Interaction in the neighbourhood

A blogpost written by Florian Budde, Kiora Koolen and Sander de Kok.

On Tuesday, March the 7th we went on a field trip to Waalwijk to examine how two of the neighborhoods in town were organized and if there were any noticeable differences between the both. We had in mind an informative, but also interactive trip in which we would get to know more not only about the outside of the two neighborhoods, but also the spirit of the people that lived there, which we found to be almost as important. Three hours later, however, we left Waalwijk having spoken to only 1 inhabitant, and seen not many more. There seemed to be a great lack of outside livability in the neighborhoods and just as little interaction between people of the different sides of town. Although people from Brabant are normally characterized as easy going and very interactive, we spotted no proof of that in our trip to Waalwijk. But how is this possible?

The people from Meerdijk look down upon us

            A possible clue to the answer could be found in one conversation we had with a local. In the bakery in a small commercial center in Bloemenoord, one of the two neighborhoods we visited, we talked to a woman from that neighborhood and how she felt about interacting with inhabitants of Meerdijk, the other neighborhood. As a reason that the feeling of community was lacking in between the neighborhoods, she said that she felt that the inhabitants of Meerdijk, a relatively wealthier neighborhood, looked down upon their neighbors from Bloemenoord and as such, they mostly avoided each other. In the graphics below, the difference in educational level might explain the feeling of being looked down upon in Bloemenoord.

Rivalry between neighbors

Seemingly, Meerdijk and Bloemenoord are different communities living in their own space and with different characteristics. An article about the livability in Waalwijk gives us a great look into those differences [1]: for starters, they indicate that when the locals were asked to rate their neighborhood on a scale of 1 to 10, the people from Meerdijk rated their own an 8,4, as opposed to a 7,3 that people from Bloemenoord ranked theirs. Moreover the people of Waalwijk rate their quality of living environment differently (7,7 for Meerdijk and 6,8 for Bloemenoord) and very important: the involvement of local residents, where Meerdijk scores a 7,2 and Bloemenoord only a 6,2. These numbers might not be completely generalizable for every inhabitant, but still gives us a good insight in how these neighborhoods differ.

You might now think, what does one have to do with another? Why would it be needed for both neighborhoods to be equal for inhabitants to live a happy life? Well, firstly Meerdijk does not have any shopping, catering or even sporting facilities, therefore residents are, for these facilities, dependent on other neighborhoods, such as Bloemenoord. If they have to go to the other neighborhood anyway, why not make the contact more pleasurable for both groups? More importantly, social contact is just a core need for a person’s wellbeing [2]. In extreme cases, this even means that people with less social contacts are more likely to die than those with more social connections.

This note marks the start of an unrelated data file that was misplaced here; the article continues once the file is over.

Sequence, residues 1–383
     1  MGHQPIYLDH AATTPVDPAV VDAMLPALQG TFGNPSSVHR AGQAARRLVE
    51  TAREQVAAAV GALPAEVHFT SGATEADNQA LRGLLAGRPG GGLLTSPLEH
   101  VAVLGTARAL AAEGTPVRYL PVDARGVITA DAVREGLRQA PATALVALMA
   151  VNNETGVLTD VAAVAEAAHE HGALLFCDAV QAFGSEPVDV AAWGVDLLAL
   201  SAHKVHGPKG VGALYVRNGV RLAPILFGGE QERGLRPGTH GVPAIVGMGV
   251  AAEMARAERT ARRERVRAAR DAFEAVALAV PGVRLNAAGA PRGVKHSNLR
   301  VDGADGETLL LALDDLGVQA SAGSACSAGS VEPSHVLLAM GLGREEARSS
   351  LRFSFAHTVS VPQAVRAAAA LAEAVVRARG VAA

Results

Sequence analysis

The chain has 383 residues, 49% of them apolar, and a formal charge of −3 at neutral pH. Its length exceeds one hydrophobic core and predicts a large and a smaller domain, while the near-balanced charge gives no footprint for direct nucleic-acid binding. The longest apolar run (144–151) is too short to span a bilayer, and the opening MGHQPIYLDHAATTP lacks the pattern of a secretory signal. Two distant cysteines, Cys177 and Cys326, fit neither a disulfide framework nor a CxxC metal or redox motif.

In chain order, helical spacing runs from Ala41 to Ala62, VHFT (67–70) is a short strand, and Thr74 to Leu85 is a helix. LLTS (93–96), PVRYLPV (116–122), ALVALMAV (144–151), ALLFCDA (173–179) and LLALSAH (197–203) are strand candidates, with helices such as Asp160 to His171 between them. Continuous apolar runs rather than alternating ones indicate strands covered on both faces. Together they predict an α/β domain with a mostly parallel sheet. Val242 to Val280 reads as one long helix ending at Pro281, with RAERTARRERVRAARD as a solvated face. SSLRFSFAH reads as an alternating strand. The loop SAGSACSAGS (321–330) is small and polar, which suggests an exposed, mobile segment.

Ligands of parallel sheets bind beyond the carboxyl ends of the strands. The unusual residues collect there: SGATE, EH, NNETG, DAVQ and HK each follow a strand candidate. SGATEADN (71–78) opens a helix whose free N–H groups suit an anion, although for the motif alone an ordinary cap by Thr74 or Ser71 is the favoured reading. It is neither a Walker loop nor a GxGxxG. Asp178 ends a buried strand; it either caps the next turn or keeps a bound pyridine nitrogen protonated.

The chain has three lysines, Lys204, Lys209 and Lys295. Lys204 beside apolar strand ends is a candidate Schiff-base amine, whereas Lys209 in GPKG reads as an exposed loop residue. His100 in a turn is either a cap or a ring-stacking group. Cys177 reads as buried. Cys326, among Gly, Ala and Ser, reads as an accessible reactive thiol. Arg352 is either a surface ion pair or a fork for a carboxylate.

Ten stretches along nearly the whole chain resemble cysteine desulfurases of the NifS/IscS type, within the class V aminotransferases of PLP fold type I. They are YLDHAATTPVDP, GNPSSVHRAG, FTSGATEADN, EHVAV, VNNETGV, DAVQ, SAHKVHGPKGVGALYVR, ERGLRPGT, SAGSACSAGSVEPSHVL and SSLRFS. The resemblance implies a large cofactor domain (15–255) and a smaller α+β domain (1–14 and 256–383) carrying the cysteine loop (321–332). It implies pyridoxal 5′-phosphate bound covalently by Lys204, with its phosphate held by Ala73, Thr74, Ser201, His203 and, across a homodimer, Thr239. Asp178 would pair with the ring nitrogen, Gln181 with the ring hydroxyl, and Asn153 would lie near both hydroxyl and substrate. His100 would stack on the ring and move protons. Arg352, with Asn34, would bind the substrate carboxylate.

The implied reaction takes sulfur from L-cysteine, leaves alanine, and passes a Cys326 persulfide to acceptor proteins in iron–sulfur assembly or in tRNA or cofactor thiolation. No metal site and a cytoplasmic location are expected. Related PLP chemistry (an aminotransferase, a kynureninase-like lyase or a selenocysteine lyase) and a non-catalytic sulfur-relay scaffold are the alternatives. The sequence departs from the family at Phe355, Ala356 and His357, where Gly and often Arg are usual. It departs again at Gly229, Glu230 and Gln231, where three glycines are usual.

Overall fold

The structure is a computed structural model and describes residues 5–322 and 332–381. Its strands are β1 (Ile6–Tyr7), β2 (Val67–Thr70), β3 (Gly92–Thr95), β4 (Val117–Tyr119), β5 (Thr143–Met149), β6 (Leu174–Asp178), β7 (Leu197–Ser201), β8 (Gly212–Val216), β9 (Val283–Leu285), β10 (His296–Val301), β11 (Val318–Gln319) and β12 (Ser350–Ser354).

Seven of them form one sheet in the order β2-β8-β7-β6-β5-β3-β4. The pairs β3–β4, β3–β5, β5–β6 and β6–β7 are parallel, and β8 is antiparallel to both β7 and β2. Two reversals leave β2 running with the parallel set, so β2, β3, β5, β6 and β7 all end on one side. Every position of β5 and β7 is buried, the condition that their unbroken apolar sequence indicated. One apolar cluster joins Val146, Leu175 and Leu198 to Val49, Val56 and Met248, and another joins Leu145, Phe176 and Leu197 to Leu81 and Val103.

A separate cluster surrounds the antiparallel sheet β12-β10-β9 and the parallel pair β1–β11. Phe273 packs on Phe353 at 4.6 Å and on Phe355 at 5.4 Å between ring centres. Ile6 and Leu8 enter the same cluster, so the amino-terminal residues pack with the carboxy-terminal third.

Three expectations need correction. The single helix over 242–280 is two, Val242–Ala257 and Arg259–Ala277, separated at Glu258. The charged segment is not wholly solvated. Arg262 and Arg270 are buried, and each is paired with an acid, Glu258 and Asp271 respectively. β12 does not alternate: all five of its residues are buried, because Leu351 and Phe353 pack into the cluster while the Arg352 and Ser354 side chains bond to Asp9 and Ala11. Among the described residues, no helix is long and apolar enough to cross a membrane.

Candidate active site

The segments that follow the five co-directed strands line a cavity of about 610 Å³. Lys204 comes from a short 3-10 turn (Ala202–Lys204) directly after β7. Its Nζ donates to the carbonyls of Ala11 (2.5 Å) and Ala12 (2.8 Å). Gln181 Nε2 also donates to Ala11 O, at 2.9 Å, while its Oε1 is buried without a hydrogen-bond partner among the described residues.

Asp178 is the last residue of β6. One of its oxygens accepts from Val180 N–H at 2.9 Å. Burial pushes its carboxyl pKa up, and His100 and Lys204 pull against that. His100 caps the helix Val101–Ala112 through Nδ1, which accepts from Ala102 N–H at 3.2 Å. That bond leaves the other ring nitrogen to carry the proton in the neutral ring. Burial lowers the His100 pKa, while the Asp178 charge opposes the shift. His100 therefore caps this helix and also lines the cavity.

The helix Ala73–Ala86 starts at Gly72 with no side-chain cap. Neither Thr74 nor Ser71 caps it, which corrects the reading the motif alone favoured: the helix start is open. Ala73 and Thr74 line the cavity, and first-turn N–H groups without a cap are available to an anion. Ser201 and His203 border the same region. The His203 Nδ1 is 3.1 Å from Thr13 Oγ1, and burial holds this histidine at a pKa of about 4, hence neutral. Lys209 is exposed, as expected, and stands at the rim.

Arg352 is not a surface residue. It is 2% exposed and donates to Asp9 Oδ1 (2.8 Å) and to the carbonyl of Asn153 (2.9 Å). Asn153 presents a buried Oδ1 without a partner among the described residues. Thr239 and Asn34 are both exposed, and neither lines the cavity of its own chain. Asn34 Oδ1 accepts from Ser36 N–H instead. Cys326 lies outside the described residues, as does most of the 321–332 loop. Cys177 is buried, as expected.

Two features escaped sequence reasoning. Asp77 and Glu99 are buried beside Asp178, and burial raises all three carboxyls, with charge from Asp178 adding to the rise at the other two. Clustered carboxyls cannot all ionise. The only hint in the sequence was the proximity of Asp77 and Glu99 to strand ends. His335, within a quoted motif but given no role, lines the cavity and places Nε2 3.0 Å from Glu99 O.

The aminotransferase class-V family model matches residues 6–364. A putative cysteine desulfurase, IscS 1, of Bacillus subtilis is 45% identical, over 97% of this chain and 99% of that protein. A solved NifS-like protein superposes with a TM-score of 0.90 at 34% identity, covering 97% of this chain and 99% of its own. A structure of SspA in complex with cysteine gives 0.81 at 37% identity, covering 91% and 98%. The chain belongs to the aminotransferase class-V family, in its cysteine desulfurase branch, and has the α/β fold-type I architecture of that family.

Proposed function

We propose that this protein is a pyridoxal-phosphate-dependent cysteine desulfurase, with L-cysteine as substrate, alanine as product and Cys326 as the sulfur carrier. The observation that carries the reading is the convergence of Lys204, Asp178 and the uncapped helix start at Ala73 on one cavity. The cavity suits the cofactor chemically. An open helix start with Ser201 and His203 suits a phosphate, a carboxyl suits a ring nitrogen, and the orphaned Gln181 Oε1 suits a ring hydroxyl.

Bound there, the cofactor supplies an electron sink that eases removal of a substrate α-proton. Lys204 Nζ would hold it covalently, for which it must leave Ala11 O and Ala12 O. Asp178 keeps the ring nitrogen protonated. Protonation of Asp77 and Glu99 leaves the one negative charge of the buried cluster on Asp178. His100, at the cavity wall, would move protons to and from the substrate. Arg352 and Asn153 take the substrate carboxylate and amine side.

‘Brabantse gezelligheid’

Although the last paragraph ended on a rather shocking note, we will have to emphasize that there is mostly a positive point to be made. That one is linked to the title above this subdivision; namely the ‘Brabantse gezelligheid’. As we said in the introduction, people in Brabant are usually seen as welcoming, open-hearted people, something that surely has to be present in the Waalwijk population as well. ‘Brabantse gezelligheid’ is a concept that is most accurately described as: “togetherness – a shared sense of joy of spending time together with friends, or drinking at a terrace after work” like described on the website Dutchreview [3].

Two weeks after the field trip, we had a meeting with civil servants from Waalwijk in the town hall to discuss the findings of the trip. When we raised the topic of social contact between neighborhoods, they gave us a couple of examples on how they are ready to handle this topic. They have a lot of projects going on involving inhabitants to activities in profit of the environment they live in; there are walking groups, local coffee clubs, projects on greenery and also plans on improving the public transport system in order to facilitate the youth that travel      elsewhere for education [4]. All of this is done with the aim to let the people give the initiatives themselves, where the municipality just facilitates, which they deemed perfectly doable. 

Maybe in the end, we visited Waalwijk at the wrong time and wrong day, and might the future of the neighborhoods of Bloemenoord and Meerdijk be full of social interactions and equality. There sure is potential for a well-functioning interactive future between both neighborhoods, as long as they go by the spirit of ‘Brabantse gezelligheid’.


[1] Notion – The all-in-one workspace for your notes, tasks, wikis, and databases. (n.d.). Notion. 

[2] Umberson, D., & Montez, J. K. (2010). Social relationships and health: A flashpoint for health policy. Journal of Health and Social Behavior, 51(1), S54–S66. 

[3] Moca-Grama, V. (2022, September 30). Gezellig: An essential Dutch concept. DutchReview. 

[4] Gemeente Waalwijk. (2017). Samen werken aan de toekomst. Ververs Tekst.

Share This Post